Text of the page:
Articles | Volume 15, issue 24
Biogeosciences, 15, 7451–7484, 2018
https://doi.org/10.5194/bg-15-7451-2018
Biogeosciences, 15, 7451–7484, 2018
https://doi.org/10.5194/bg-15-7451-2018

Research article 21 Dec 2018

Research article | 21 Dec 2018

Hydrothermal alteration of aragonitic biocarbonates: assessment of micro- and nanostructural dissolution–reprecipitation and constraints of diagenetic overprint from quantitative statistical grain-area analysis

Laura A. Casella et al.

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Cited articles

Addadi, L., Joester, D., Nudelman, F., and Weiner, S.: Mollusk shell formation: a source of new concepts for understanding biomineralization processes, Chemistry, 12, 980–987, 2006.
Allison, N., Finch, A. A., Webster, J. M., and Clague, D. A.: Palaeoenvironmental records from fossil corals: the effects of submarine diagenesis on temperature and climate estimates, Geochim. Cosmochim. Ac., 71, 4693–4703, 2007.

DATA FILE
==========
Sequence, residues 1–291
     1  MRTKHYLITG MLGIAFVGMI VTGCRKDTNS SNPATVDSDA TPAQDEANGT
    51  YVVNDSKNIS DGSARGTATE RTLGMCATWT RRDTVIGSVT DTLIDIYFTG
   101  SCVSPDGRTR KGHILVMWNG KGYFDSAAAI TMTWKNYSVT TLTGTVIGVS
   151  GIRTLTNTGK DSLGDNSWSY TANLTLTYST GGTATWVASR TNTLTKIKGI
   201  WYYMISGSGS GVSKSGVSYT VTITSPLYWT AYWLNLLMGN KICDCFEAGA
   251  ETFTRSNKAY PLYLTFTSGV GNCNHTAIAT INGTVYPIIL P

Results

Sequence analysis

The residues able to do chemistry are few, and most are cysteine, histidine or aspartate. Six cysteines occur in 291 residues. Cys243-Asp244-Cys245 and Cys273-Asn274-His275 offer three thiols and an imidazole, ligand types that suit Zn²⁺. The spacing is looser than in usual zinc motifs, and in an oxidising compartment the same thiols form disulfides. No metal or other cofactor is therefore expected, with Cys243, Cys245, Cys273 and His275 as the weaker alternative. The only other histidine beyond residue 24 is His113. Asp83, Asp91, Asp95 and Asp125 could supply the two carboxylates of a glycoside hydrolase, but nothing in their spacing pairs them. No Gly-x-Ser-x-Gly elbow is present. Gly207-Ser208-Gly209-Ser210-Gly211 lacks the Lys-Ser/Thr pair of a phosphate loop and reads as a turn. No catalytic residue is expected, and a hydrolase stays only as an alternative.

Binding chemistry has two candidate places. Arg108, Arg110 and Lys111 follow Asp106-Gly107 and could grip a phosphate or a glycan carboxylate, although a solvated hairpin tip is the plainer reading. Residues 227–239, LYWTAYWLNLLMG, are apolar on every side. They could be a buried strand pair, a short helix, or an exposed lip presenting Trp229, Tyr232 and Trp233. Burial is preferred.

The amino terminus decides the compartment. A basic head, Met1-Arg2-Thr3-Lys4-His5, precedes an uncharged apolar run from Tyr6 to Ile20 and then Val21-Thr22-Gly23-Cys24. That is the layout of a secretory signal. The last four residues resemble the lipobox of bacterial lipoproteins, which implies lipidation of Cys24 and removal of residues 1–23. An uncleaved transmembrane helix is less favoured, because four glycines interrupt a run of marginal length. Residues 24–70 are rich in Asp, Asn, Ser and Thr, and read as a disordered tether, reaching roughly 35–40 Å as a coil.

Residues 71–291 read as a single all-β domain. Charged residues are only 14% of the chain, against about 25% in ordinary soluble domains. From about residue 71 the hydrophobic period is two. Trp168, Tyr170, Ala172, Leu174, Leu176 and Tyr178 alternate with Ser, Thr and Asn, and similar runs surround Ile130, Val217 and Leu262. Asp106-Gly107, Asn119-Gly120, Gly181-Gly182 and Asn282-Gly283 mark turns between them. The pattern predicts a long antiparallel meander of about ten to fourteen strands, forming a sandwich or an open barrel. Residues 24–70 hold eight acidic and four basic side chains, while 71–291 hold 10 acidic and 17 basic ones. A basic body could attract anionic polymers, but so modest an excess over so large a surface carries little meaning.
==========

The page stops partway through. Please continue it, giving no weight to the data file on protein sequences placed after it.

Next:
Altree-Williams, A., Pring, A., Ngothai, Y., and Brugger, J.: Textural and compositional complexities resulting from coupled dissolution-reprecipitation reactions in geomaterials, Earth-Sci. Rev., 150, 628–651, 2015.
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Short summary
Biogenic carbonates record past environmental conditions. Fossil shell chemistry and microstructure change as metastable biogenic carbonates are replaced by inorganic calcite. Simulated diagenetic alteration at 175 °C of different shell microstructures showed that (nacreous) shell aragonite and calcite were partially replaced by coarse inorganic calcite crystals due to dissolution–reprecipitation reactions. EBSD maps allowed for qualitative assessment of the degree of diagenetic overprint.
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